Building 101 – Buying land in Tasmania? Here’s 3 simple (but vital) checks and tests to do before you buy.

Everybody’s talking about real estate in Tasmania. Prices are soaring for existing homes and competition to secure a block of land is high.  But before you sign on the dotted line, here’s a few tips we think are important.

If you’re keen to build a new home, it’s natural to feel pressure to sign a contract on a block, especially amongst the hype that’s happening at the moment.  But when you’re building a home (or investment property), your design possibilities and build costs literally rest on the land you buy.

Our advice?  Get informed.

Here’s 3 tests and checks you can do to make sure the block of land you’re excited about is as good as it looks.

  1. Get familiar with LISTmap (it’s free)

If you haven’t checked out LISTmap, head there nowLISTmap (LIST stands for Land Information System Tasmania) is an online tool that takes the guesswork out of analysing land in Tasmania.

We love LISTMap because it’s visual, interactive and FREE.  Search for the address/suburb title you’re looking at and get immediate information on zoning, coastal erosion vulnerability, bushfire danger and flood history. Simply select the information you want to see (e.g., zoning) and it will appear as a layer over the top of the map.

Even if you haven’t found the perfect block yet, jump on and have a play.  We’d suggest making a list of the areas you would like to live or invest in.  Then, spend some time researching each area on LISTmap. Your search might reveal ‘red flags’ (e.g. no access to town water or is prone to a landslip) that we can discuss with you.

  1. Book a block inspection with us (or your chosen builder)

It’s impossible to overemphasise the importance of a block inspection. You wouldn’t buy a car without knowing if it’s got aircon, so don’t buy a block that might not meet your basic needs.

At a block inspection, we’ll meet you onsite and talk about fundamentals like orientation (the way the block faces), slope and size. In reality, getting these things right can save you thousands. Plus, block inspections can be fun; if it’s looking good, we can walk around and start visualising the view from your loungeroom!

  1. Find out the soil type (and avoid blowing your budget on footings and foundations!)

A soil test is the single, most critical test required for the residential blocks we see. Why?  Soil type determines how much of your budget needs to be set aside for footings and foundations (surprisingly, it can be a significant chunk!)

When you enquire about a block, ask the landowner or real estate if a soil test has already been done and request the results.  If a test hasn’t been done, we can arrange for a geotechnical engineer to do it.

If you’re feeling the pressure to make an offer and a soil test hasn’t been done, don’t stress. It is possible to make a conditional offer based on receiving good soil test results.  This is a common condition on the contract of sale for land and blocks.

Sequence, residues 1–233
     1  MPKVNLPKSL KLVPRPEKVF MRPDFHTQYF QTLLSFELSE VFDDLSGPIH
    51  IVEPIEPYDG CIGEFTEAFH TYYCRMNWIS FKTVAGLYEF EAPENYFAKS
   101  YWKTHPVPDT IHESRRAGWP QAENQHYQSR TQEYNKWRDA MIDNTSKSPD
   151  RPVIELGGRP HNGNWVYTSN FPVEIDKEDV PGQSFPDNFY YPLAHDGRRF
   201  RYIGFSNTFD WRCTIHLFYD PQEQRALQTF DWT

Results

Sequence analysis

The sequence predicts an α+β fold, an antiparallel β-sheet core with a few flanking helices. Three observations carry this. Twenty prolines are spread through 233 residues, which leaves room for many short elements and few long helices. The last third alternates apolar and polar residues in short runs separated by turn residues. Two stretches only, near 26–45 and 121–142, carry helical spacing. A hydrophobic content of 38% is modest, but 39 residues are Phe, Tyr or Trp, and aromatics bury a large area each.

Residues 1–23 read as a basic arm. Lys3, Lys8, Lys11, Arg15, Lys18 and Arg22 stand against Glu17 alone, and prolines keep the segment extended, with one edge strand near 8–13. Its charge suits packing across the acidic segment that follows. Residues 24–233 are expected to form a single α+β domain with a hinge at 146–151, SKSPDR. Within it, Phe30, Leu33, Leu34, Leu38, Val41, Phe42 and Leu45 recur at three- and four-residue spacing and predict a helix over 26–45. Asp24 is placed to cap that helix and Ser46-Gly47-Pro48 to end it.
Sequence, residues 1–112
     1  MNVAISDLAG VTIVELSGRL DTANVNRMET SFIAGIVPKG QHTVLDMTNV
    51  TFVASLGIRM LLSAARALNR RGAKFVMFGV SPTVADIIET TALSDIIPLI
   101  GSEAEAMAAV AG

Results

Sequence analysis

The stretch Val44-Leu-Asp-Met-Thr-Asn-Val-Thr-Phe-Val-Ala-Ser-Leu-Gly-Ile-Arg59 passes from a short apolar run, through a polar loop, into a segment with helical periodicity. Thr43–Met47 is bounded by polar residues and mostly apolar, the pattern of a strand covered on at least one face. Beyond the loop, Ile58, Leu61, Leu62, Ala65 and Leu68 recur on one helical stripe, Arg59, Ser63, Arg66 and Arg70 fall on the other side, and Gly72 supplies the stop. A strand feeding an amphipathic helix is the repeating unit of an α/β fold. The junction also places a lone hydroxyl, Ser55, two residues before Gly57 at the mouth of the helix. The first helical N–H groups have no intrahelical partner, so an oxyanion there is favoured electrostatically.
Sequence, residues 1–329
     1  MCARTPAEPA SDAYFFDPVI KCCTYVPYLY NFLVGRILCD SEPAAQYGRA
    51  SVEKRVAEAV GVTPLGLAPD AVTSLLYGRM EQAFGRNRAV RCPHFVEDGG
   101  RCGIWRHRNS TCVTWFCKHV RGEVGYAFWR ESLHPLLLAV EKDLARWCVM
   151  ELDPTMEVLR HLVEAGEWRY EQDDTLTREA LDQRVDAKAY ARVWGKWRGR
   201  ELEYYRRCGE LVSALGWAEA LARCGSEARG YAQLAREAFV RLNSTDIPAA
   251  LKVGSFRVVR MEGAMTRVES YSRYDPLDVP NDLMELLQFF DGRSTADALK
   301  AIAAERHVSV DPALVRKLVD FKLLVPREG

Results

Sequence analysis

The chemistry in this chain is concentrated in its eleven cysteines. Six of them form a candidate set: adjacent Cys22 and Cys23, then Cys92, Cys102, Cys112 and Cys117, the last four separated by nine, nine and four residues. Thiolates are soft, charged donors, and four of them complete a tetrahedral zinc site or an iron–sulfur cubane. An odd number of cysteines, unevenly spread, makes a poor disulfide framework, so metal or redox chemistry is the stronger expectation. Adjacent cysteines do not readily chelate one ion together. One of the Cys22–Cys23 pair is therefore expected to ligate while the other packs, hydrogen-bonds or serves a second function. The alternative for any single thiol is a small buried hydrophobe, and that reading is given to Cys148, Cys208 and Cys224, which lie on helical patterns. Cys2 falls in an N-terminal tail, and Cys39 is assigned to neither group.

So there you have it, 3 vital checks to do before you sign that contract. Want more?  Make sure you read our past blog with 5 key questions to ask landowners or real estate agents here.

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Blog post written by Karli Franks.  


Building 101 – How long does it take to build a home?

One of the most common questions we get asked is, ‘how long will it take to build our new home?’

At Own-A-Home we build customised homes.  That means we help you design a home that’s tailored to you.  So, with that in mind, here’s our average timelines for a new home build. 

First, the design and approvals stage takes around 3 months.  Then, once we’ve got a ‘construction slot’ scheduled for the actual build, it takes our crew 6 – 7 months to build a single storey home or 7-9 months to build a two storey home.   

Right now (September 2020), thanks to federal and state government building grants, we’ve got more builds scheduled than average. So, to meet the demand we’ve had to schedule more time between completing the planning phase and actually starting the build of a new home.  

This post is the first of many planned for our ‘Building 101’ series.  It’s about just what it takes to design, build and move into your new home.  We’ll be posting on our blog, Facebook and Instagram (@ownahometas_builders) so, be sure to give us a follow and shoot through your questions.

Next in the series, we’ll be talking to local mortgage broker Issy Reeves about just how important it is to understand your building budget.  


2020 Tasmanian First Home Builders Grant extension and Federal HomeBuilders Grant – here’s what you need to know

There may never have been a better time to build a new home in Tasmania!